Scanning & OCR on Android

All apps were tested on a Samsung Galaxy Note 2

I use my phone's camera as a scanner frequently for genealogy, but for some reason it never dawned on me to look for OCR options until today.

Currently I am about 1/4 of the way through transcribing courtship letters from 1885-1886 for my genealogy blog, and it finally "clicked" that there is probably an app for that.

There is.  More than one. I'm typing this post as I try them out, but so far it looks promising that there is a good option for this!  As I was looking for OCR options, I found scanner options too, so I will be looking at those as well.  An app that would automatically "clean up", straighten & crop my genealogy scans (by phone) would be awesome!

Below the chart is a more detailed description of how each app worked for me.  My final choices?  On my phone I am going to keep Text Fairy, for when I want to convert to text right on the spot.  But for the genealogy transcriptions, Google drive is the hands down winner.    I will still need to use my laptop, but I can take the pics with my phone, send them to google drive to wait until I am at my computer to use the OCR.  The benefit is that the new document will have both the photo, and the text, in the document.  

The defining factor between Text Fairy and Mobile OCR is that Text Fairy is free, and it looks better.  Mobile OCR allows 10 scans a day, which is probably more than I need, but text fairy looks better, and is unlimited.

Mobile OCR

This is a bare bones app, in the free version.  The first photo I took in landscape mode - the app cannot deal with that, it was unable to translate that.

I took the photo again, this time with the camera app on my phone, rotated it, then opened the Mobile OCR app and chose the gallery option to import the photo.  If you take the photo in app, there are no options to crop or rotate it.

The share options are nonexistent.  You can copy the text, that is it - but really, that is enough.  From there you can paste the text into any other app. 

The version I tried was a trial version, limiting the number of photos and scans I could take, and hounding me to rate the app as soon as it translated the text - before I could even see if it had done a good job.

Limited to 10 pages a day in the free version.

I can send a photo from my phone gallery to Text Fairy simply by clicking the share icon on my phone - just like sharing to facebook, but share to Text Fairy instead.  I loved that.

Once the photo is chosen, the app gives you options to rotate and crop before it scans.

The graphics are great - it shows the "scanning" of the text.

Then at the end, the share features are great - I can send the text to a large variety of apps, save it as a pdf, etc.

I loved everything about this app - except for the actual OCR.  The text it scanned came out as gibberish.  I tried taking the photo "in app", and I tried taking the photo and then sending it to the app - gibberish both times. I tried a second document and that one worked well, even though they were both typed in the same font, on the same paper.  

Mobile OCR read the text in both photos, but had some problems with a few lines in the troublesome document here too.  Mobile OCR did a much better job than Text Fairy, but the fact that they both struggled with the one document gives me hope for Text Fairy - I really do love all of the features.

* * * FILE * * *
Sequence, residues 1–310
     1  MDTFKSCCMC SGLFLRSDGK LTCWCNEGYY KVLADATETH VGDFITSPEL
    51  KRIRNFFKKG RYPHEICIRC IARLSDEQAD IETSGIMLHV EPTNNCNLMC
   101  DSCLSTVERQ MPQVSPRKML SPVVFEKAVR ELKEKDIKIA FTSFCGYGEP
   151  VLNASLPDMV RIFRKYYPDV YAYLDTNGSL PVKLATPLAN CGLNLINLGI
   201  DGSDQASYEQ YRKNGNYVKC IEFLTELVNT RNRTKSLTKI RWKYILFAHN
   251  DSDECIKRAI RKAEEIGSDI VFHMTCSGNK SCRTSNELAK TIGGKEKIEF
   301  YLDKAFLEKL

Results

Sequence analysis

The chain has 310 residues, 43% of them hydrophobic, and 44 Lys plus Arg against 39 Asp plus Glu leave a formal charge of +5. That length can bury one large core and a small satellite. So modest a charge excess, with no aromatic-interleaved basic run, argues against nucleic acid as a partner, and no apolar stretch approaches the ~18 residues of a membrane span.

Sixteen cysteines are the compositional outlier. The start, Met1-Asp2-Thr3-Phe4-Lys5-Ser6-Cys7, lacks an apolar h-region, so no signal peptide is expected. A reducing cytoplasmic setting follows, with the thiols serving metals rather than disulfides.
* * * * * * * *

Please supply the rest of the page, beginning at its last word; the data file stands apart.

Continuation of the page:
Smart OCR Text Miner
This app has a clunkier interface, after using the two above.  It isn't bad - but it does not offer anything better than the two above, and it looks worse doing it.  It worked about the same as the two above as well - one document converted very well, one was gibberish.  There were limited sharing options.  It is free.  

Google Goggles
I read a Life Hacker article on using Google Goggles for OCR, but it was written in 2011, I think better options have appeared since then.  I did try it today, but it was frustrating.  It didn't want to let me select the text area, so it just scanned the middle of the document, not the top or bottom, and once the text was there, the only option was to copy it..  it works, in a pinch, for small sections..  but for the genealogy transcription I am working on, this is not a viable option.

Cam Scanner PDF
This was a nice little scan app, but adding the OCR plugin only makes the text searchable, it does not give you a file, nor a reading, of the text.

Take the photo on your phone.
Share it to google drive
Go to your computer (I could not find an option through the app on my phone)
Click the box beside the file.  Choose "more" at the top of the screen.
Choose Open With
Choose Google Docs

This created a new document for me, with the photo at the top, and the text at the bottom.  
For genealogy, this is perfect.  I can copy and paste the text in my blog, and save all the documents with the scanned photo at the top, to check errors if there is a question later.

More about OCR in Google Drive:

ABBY Cloud OCR has a variety of packages, starting at $9.99.  I did not want to bother with registering and paying for the service to try it out, but they do have a free trial.


  1. You might want to try out OCR Instantly Free, which is missing from the list :)


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